China surge: Flights in and out soar after Beijing loosens COVID restrictions

Virus Outbreak China Party Congress
A man has his throat swabbed for a COVID-19 test at a coronavirus testing site in Beijing, Wednesday, Oct. 19, 2022. As China’s ruling Communist Party holds a major congress this week, many Beijing residents are wondering if the end of the meeting will bring any easing of China’s draconian “zero-COVID” policies that are disrupting lives and the economy. (AP Photo/Mark Schiefelbein) Mark Schiefelbein/AP

China surge: Flights in and out soar after Beijing loosens COVID restrictions

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The number of flight bookings in and out of mainland China has increased significantly over the last week, just days after the country announced it would lift COVID-19 restrictions for travelers.

The number of airline tickets flying out of China increased 254% on Tuesday morning compared to the day before, according to flight data by Trip.com Group — marking a significant increase less than 24 hours after the China National Health Commission announced it would rein in several of the country’s strictest COVID-19 protocols.

CHINA TO END QUARANTINE REQUIREMENTS FOR TRAVELERS DESPITE SURGE IN COVID CASES

The loosened restrictions will end the country’s requirements for travelers to quarantine for eight days upon arrival beginning on Jan. 8, reversing the policy that has been in place for nearly three years since the beginning of the COVID-19 pandemic. The health commission also announced it would ease restrictions on the number of incoming flights on any given day, prompting the surge in ticket sales.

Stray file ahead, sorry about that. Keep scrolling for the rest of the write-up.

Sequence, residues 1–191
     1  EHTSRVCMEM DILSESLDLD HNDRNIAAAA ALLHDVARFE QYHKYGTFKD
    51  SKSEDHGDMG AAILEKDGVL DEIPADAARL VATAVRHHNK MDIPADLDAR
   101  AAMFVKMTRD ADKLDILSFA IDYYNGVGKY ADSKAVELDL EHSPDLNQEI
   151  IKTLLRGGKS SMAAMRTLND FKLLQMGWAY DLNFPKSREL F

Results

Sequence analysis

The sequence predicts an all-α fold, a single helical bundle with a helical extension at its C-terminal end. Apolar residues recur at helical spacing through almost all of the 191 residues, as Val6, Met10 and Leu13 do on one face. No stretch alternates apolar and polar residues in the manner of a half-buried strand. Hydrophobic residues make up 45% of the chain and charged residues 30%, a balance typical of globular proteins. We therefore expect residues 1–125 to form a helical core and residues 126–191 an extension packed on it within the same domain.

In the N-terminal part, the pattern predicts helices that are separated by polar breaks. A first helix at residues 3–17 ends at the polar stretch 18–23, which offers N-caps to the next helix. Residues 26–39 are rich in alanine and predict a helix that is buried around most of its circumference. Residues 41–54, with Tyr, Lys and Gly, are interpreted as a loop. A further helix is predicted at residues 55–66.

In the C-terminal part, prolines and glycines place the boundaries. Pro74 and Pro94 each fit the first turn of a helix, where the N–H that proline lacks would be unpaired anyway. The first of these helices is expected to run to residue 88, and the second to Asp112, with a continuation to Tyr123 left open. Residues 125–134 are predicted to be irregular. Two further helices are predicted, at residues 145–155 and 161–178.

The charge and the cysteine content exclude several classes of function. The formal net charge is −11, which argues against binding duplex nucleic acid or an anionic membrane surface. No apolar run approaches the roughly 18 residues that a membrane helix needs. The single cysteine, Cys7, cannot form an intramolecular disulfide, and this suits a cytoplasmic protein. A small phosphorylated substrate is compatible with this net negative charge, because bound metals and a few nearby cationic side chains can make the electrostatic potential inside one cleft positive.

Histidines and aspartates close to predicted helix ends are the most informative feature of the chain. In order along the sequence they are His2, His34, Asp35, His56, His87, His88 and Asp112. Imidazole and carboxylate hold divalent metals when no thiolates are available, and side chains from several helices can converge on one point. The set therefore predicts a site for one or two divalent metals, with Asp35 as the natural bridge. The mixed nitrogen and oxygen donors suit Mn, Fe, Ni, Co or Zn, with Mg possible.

For Chinese travelers seeking to leave the country, airlines saw a massive increase in ticket sales for flights bound for Singapore, South Korea, Hong Kong, Japan, and Thailand, according to the data.

The country also saw a massive surge of inbound flights, which increased 412% during the same time period, the data show. The majority of those out-of-country travelers are coming from Australia, Germany, Japan, Singapore, and Hong Kong.

The policy reversal is the latest move from the Chinese government to do away with its “zero COVID” restrictions implemented in early 2020 that saw some of the strictest public health rules of any country during the pandemic.

Chinese officials began loosening these restrictions in late November amid widespread protests in the country, as residents claimed the COVID-19 lockdown protocols hindered rescue efforts in a recent fire that killed 10 people.

It also comes, however, as China grapples with a massive surge in COVID-19 cases and deaths in recent weeks. Although officials have stopped publishing daily COVID-19 data, some experts predict 1 million coronavirus-related deaths over the next several months due to eased restrictions.

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The lifting of the quarantine requirements comes as Chinese officials also announced they would reclassify COVID-19 from a Category A infectious disease, which warrants extensive restrictions, to Category B, putting it in the same category as AIDS and the bird flu. It’s unclear if or how this could affect China’s reporting of cases and deaths. Experts have already voiced concerns with Beijing’s methods.

China’s policy reversals prompted concern among U.S. officials, who are considering implementing some COVID-19 restrictions on people traveling from China. Japanese officials have also voiced concerns, with Prime Minister Fumio Kishida announcing on Tuesday that Japan would begin requiring negative COVID-19 tests for travelers from China beginning Dec. 30.

© 2022 Washington Examiner

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